A few weeks ago, the local farmers market in my Brooklyn neighborhood finally started operating. I was happy, not just because of the fresh local strawberries and other produce available at the market, but also because I can recycle our food waste there.
So, for the next six months I’ll be shoving food scraps into our freezer, and taking them every Saturday to the composting bins at the farmers market. It’s really not that convenient, not to mention I have now very little room in the freezer for actual food, which is why last week I was thrilled to hear that Mayor Bloomberg is introducing a new food composting program that will put our freezer out of its misery.
The plan, the New York Times reported, is to start a residential composting program next year that will initially work on a voluntary basis in 150,000 single family homes in the city as well as in more than 100 high-rise buildings – covering, in total, more than five percent of the households in the city. More than 600 schools will take part as well.
The next stage will be, according to city sanitation officials quoted in the article, to expand the program to the entire city by 2015 or 2016. These officials also predicted “that within a few years, it will be mandatory. New Yorkers who do not separate their food scraps could be subject to fines, just as they are currently if they do not recycle plastic, paper or metal.”
New Yorkers won’t have to start shoving food scraps into their freezers, but will be asked to dump their food waste into small plastic containers, which will be emptied into larger bins on the curb. The bins will be collected by trucks and taken to a special plant that will be built in the New York region where the food waste will be converted into biogas.
If this plan works out, it could become an important part of Bloomberg’s legacy in the city, but its impact might be even more substantial as it demonstrates the need for systematic changes in our unsustainable lifestyle.
Let’s face it, sending food waste to landfills is a lose-lose solution – not only is it very costly, but it also generates a lot of methane, a greenhouse gas with an impact on global warming that is over 20 times more powerful than CO2. And yet, as the NRDC reports, “of all the food that is lost at different stages from farm to fork, only three percent is composted…the vast majority ends up in landfills. In fact, food now represents the single largest component of municipal solid waste reaching landfills.”
While some businesses have tried to look at this problem as a business opportunity, the fact that only three percent of food is currently composted shows that business-based solutions didn’t move the needle here. Some critics of Bloomberg’s plan have wondered, “if there’s really $100 million in savings to be had, wouldn’t some clever entrepreneur be tempted to offer a solution?” But, I guess the answer is quite simple – building a complex operation that requires substantial changes in both residential and (perhaps eventually) commercial spaces and is based on voluntary participation is just too risky for business.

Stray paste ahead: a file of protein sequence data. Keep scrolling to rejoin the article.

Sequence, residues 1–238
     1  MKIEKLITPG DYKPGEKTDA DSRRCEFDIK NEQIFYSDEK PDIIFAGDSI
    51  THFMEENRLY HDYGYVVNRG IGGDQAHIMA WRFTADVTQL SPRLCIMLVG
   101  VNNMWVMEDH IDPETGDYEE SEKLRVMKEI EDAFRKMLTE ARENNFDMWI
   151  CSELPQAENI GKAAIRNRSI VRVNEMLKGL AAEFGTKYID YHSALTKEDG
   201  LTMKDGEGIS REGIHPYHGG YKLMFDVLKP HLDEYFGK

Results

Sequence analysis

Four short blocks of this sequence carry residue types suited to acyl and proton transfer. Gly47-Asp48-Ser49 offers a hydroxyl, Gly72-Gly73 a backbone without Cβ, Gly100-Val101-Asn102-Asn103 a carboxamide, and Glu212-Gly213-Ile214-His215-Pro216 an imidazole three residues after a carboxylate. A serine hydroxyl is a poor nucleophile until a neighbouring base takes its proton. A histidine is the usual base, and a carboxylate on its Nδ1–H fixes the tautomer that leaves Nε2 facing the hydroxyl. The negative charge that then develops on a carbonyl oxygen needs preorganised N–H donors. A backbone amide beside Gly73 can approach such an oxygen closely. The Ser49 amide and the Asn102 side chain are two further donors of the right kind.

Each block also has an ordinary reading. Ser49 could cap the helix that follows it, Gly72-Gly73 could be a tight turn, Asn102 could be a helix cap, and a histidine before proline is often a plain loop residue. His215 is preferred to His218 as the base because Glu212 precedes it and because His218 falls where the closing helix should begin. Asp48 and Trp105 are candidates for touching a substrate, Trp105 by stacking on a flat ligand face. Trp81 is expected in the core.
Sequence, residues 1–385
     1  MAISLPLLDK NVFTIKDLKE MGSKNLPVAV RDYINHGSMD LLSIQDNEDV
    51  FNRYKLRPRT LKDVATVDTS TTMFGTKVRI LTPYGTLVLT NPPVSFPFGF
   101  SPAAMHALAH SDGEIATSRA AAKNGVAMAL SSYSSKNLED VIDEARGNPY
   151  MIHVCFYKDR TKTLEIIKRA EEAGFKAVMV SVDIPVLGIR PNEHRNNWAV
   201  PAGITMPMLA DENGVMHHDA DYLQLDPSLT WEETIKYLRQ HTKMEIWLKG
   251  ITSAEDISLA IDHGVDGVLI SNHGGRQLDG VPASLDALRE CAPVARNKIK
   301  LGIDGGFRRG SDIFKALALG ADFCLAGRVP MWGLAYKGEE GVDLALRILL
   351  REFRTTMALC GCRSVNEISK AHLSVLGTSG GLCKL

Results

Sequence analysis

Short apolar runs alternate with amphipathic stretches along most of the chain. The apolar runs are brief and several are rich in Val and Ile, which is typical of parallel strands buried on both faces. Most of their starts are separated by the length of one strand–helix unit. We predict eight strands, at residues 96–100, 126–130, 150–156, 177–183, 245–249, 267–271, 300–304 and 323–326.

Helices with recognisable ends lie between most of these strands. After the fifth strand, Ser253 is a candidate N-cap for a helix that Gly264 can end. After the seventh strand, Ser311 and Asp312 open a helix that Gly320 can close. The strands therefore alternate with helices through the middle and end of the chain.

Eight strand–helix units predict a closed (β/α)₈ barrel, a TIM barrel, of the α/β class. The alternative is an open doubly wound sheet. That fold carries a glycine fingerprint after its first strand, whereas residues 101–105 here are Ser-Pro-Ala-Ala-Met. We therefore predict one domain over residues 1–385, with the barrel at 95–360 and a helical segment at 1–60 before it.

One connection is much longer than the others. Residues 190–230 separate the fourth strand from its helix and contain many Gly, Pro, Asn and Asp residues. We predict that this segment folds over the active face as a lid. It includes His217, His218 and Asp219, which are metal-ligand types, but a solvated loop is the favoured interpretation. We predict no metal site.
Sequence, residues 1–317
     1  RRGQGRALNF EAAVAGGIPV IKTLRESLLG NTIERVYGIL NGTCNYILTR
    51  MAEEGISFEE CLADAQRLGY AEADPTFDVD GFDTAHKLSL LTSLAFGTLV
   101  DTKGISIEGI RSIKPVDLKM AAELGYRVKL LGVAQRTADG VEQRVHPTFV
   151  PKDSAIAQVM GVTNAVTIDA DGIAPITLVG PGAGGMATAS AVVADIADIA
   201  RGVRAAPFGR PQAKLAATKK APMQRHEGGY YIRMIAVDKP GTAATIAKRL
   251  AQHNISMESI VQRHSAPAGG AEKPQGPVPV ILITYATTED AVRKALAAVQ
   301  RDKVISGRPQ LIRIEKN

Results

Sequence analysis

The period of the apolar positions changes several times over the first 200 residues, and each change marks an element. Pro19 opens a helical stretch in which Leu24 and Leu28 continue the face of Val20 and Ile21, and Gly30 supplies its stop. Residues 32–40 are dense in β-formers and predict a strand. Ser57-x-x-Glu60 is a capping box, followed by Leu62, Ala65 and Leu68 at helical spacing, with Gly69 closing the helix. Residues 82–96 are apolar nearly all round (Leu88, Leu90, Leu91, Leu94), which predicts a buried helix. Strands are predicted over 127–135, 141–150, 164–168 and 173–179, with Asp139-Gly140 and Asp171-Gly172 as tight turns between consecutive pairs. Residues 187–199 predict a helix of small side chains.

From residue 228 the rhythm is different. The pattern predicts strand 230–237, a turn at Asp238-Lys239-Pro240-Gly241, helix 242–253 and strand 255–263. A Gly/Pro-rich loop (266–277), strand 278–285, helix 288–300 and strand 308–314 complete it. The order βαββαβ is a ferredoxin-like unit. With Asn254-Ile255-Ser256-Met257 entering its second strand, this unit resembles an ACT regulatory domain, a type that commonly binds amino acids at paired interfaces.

For a large city, on the other hand, it makes a lot of sense. “We bury 1.2 million tons of food waste in landfills every year at a cost of nearly $80 per ton. That waste can be used as fertilizer or converted to energy at a much lower price,” Mayor Bloomberg explained in his last State of the City address in February. The city, added Ron Gonen, the co-founder of Recyclebank and currently the city’s recycling czar, could save about $100 million a year by diverting food waste from landfills. So, the financial incentive is definitely there.
Add to that the city’s ability to make the necessary regulatory changes and enforce them and you get a scale that not only creates more business opportunities, like converting the waste into biogas, but also significantly reduces the risks involved in such an operation.
New York is not the first large city in the U.S. to set up such a plan – cities like Seattle and San Francisco have already been doing it for a while. Still, changes in New York always seem to make a difference elsewhere, both nationally and internationally, and therefore, if this plan runs successfully, it could have a significant impact on mainstream composting.
Although there are, of course, naysayers who see it as another example of unnecessary government intervention (and no, Dorothy Rabinowitz hasn’t commented on it yet), it shows once again that although we keep looking for ways business can create systematic changes, we shouldn’t forget the role of smart policy making in effecting changes on a large scale.
I have a feeling that without Mayor Bloomberg’s plan I’ll be still filling my freezer with food scraps for many years.
Raz Godelnik is the co-founder of Eco-Libris and an adjunct faculty at the University of Delaware’s Business School, CUNY SPS and Parsons The New School for Design, teaching courses in green business, sustainable design and new product development. You can follow Raz on Twitter.